Saturday, November 8, 2014
Brazos (Convention Center)
*Names in bold indicate Presenter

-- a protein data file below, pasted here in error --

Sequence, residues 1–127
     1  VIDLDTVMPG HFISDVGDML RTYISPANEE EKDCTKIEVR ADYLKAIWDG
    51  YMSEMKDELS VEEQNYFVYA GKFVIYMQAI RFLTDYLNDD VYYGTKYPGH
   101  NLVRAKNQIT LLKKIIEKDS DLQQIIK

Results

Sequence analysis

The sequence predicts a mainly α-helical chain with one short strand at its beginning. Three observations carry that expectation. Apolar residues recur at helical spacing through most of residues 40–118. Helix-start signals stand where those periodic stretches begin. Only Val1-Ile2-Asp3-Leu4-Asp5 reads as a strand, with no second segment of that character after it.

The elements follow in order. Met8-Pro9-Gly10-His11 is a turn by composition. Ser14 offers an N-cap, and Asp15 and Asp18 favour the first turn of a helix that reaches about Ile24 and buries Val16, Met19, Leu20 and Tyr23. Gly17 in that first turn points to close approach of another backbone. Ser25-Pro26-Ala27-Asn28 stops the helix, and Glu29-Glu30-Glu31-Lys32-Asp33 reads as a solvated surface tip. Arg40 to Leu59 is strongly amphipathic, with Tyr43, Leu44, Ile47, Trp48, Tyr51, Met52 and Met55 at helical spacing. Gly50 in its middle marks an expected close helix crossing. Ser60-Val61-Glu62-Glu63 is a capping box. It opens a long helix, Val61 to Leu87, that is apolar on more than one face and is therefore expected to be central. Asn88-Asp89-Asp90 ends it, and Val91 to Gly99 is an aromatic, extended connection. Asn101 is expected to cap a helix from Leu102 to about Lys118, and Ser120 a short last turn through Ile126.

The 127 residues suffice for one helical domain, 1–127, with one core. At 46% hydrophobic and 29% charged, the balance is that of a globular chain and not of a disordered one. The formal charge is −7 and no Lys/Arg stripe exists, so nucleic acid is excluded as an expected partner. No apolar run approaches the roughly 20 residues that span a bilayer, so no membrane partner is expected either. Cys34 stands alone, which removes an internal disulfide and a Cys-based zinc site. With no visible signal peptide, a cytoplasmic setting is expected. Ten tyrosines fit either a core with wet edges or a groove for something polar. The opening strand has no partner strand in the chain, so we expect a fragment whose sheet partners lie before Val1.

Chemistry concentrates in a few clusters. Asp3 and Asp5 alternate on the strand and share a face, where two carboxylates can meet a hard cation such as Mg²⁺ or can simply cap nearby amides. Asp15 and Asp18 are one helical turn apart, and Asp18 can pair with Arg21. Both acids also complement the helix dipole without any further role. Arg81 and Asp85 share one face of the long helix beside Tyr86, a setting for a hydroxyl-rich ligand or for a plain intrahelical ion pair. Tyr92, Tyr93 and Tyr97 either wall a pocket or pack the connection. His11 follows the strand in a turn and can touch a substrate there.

This paper examines the effect of a short-lived increase in tuition rates on the persistence and grades of undocumented college students. In the spring of 2002, the City University of New York (CUNY) reversed its policy of charging in-state tuition rates to undocumented college students who could demonstrate that they finished their secondary schooling in New York. With a full course load of 12 credits, this policy change represented a tuition increase of $1800 for bachelor’s degree seeking undocumented students. The new policy was in place for exactly one semester (Spring 2002) and was subsequently overturned by the New York State legislature, which passed a law in the summer of 2002 that reinstated in-state tuition benefits for eligible undocumented students. Using this unusual policy context and a unique dataset that records students’ immigration status, this paper estimates the impact of tuition increases on undocumented students’ persistence, full-time (versus part-time) enrollment, and grades. The estimation strategy compares the difference between undocumented and documented students college outcomes in the tuition hike semester to the differences between these two groups in outcomes in nearby semesters. The results suggest that the tuition increase caused an 8% decrease in persistence and a 6% decrease in full-time enrollment for undocumented BA degree seeking students in the Spring of 2002. No impact is observed on grades. Further, though the tuition increase caused students to disenroll, the return of the subsidy in the next semester induced them back into school, indicating that the short-term tuition shock did not cause students to permanently drop out of college. The findings provide strong evidence that college costs can have a large impact on the collegiate outcomes of undocumented students who have already chosen to attend college and, perhaps more generally, the outcomes of price sensitive college students, including those from low-income backgrounds.